By Keturah Raymond ‘15
Crowds flocked around the white sheets pasted to the walls of the hallways, a long list of ID numbers printed in size 10 font. If your ID number was there, you let out an exhale of relief and walked away proud. If not, you lowered your head and walked away grimly. This year’s AP acceptances saw more people doing the latter and caused a stir of controversy on just how selections are done.
Generally for all departments and their AP courses, there is a meeting to explain course requirements to the students, as well as the commitment they will need. If students want to proceed they receive an application that requires a transcript and recommendation. Sometimes, a short response question is included to ask the students why they want the particular course. All applications are reviewed by the subject teachers and handed back to the heads of the departments.
“I don’t think they had senior priority this year. I know a lot of sophomores who got into classes juniors applied for,” said Amanda Varvak ’15. “It’s our last year, and we can’t even take classes we need for college.”
One class in particular, normally a seniors’-only class, had a total of 6 rising juniors on the acceptance list. That was AP government and economics. According to Ms. Joann Peters, assistant principal of the social studies department, the class does not have senior priority. It is all based on whether the student has met state requirements of global and U.S. history before taking a semester of government and economics. Completing those requirements, the student becomes eligible to take part in AP government and economics.
“You’ve got to keep in mind that the teachers don’t know the students applying for the course,” said Ms. Peters, “so they make acceptances based upon their grades and what they write on their application.”
With a record number of applicants, it was a difficult decision for subject teachers to narrow down the list to 60 or 70 kids in each AP. AP Statistics, for example, had over 400 applicants and to get a smaller sample, they first removed anyone with below an 80 on a math regents exam, said Ms. Patrica Lazo, assistant principal of the math department. Then from there they looked strictly at math averages. The deciding factor was ultimately the student’s math and science averages.
The English department upon introducing a new AP class this year, language and composition for rising sophomores, faced similar issues with the number of applicants but also with the budget.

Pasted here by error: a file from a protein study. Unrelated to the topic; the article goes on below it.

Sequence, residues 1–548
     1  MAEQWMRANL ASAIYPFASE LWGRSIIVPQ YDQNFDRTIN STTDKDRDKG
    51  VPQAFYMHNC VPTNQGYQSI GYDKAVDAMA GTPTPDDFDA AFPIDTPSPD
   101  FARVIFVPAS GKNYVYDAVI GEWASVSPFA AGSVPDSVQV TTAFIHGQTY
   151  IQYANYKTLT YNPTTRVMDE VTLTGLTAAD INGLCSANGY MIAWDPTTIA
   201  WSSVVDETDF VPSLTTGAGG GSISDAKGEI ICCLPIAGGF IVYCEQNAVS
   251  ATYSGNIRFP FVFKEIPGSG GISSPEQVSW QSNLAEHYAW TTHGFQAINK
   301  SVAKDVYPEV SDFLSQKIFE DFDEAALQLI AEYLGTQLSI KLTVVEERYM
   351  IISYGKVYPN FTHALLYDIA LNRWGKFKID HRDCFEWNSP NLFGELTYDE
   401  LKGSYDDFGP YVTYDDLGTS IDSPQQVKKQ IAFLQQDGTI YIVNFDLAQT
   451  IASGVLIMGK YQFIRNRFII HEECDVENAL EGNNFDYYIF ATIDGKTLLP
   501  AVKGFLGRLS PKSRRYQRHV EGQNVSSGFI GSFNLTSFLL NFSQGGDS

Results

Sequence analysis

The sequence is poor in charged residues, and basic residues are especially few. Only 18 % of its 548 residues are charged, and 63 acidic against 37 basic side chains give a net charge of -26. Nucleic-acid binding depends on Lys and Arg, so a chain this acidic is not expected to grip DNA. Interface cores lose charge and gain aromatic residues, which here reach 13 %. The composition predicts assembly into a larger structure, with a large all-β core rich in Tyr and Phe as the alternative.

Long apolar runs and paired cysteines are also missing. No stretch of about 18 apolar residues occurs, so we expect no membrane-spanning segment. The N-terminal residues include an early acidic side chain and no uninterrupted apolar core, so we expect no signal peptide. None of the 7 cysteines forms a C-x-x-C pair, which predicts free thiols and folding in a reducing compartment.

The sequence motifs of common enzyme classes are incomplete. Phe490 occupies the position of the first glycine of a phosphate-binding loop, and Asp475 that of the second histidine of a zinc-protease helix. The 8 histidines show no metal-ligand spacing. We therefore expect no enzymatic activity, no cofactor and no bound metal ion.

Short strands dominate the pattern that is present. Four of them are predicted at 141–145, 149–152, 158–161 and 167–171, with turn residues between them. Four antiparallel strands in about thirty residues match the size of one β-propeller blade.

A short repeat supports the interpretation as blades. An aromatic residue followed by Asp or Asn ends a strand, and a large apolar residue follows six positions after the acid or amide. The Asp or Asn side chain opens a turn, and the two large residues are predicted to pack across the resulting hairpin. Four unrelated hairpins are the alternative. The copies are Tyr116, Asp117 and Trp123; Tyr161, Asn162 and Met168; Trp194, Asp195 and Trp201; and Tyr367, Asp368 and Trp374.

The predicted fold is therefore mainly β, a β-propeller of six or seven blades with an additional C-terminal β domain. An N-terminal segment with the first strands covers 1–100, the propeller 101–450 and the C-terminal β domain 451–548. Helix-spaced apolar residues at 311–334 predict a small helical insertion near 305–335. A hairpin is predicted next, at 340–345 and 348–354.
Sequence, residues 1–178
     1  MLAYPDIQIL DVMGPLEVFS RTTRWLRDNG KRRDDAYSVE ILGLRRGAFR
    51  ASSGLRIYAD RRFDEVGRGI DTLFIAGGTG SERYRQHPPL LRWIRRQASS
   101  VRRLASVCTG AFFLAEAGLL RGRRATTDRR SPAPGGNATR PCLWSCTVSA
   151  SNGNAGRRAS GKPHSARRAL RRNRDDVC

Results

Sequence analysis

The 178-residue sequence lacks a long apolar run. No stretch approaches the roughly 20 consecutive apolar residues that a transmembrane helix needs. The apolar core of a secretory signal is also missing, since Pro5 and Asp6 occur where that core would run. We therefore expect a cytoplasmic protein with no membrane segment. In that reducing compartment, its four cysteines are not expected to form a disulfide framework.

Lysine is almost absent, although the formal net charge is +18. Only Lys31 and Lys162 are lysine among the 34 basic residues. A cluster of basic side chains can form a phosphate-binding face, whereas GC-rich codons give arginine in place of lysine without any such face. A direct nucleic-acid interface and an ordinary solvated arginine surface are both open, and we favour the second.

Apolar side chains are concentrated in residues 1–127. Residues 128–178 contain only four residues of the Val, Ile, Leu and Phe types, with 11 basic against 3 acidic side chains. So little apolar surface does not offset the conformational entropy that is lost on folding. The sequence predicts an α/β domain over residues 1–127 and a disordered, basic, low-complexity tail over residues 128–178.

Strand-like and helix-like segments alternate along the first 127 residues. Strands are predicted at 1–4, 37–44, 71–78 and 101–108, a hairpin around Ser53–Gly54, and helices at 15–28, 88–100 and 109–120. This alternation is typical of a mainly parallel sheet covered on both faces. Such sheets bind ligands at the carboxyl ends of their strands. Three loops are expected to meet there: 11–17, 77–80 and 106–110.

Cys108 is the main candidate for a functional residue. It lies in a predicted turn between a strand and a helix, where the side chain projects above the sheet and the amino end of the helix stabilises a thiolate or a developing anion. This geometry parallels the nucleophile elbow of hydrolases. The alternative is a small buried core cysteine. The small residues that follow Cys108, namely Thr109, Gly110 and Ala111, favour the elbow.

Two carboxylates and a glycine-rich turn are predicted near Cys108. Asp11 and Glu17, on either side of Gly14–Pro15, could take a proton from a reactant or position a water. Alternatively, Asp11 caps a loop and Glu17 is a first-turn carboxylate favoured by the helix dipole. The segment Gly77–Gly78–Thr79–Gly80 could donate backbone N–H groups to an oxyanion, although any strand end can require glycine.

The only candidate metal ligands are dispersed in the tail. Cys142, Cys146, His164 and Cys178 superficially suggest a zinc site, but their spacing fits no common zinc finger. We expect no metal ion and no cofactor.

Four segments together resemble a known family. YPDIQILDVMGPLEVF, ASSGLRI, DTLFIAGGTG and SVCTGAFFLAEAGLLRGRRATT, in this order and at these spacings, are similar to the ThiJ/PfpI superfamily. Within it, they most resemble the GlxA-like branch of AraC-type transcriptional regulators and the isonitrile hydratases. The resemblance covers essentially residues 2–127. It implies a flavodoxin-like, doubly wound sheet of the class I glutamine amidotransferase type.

“Originally, there were only two classes and everyone else that would make up a third class was on the waitlist,” said Ms. Janice Pumelia, assistant principal of the English department. “We were unsure of whether we’d be able to accommodate two or three classes, but now we’ve received the call that there is enough for three classes.”
In the science department, particularly with AP psychology, many students felt that the selection process was unfair. There were rumors that applications were first come, first serve and that grades were not a factor.
However, Ms. Gloria Aklipi, subject teacher for AP psychology, was able to clear up all the rumors. According to Ms. Aklipi, acceptances were done on a rolling basis but not just anyone was accepted. Grades were a factor, and she was looking for an overall 88 average as well as high grades in other science classes and English as the class involves a lot of reading.
“There was about a two week range for when students could hand in the applications,” said Ms. Aklipi, “instead of waiting at the end of that period to do a huge pile of applications, I did them as they came in. It wasn’t exactly first come first serve, it was whether they had the grades or not.”
For each department, decisions are left up to the subject teachers. Since they will be the ones to teach the accepted students, they are the ones who choose. If there are too many applicants it is common for a cut off mark in grades to be chosen to narrow down the sample. From there, an acceptance list and a waitlist are made and those are sent to the assistant principals who review and post them up.
“Ultimately the student decides whether or not they accept the course or reject the offer,” said Ms. Peters.
After acceptances are done many students find out that they either do not have enough room in their schedules or they simply drop the courses leaving room for others to be bumped up from the waitlist to the acceptance list. In the case of the English department, it may also happen that an extra class is suddenly approved and more students are given the opportunity to take the course. Be sure to check with your guidance counselor to see if you are among those.
Though advanced placement courses do look good on college applications, there is no need to be too bummed out if you’re not accepted. If you’re a rising sophomore or junior, you can always apply next year for another course and use the coming year to improve your grades to increase your chances of being accepted. If you’re a rising senior you can look into other alternatives such as College Now, which gives college credit just like an advanced placement course without the cost of the AP test.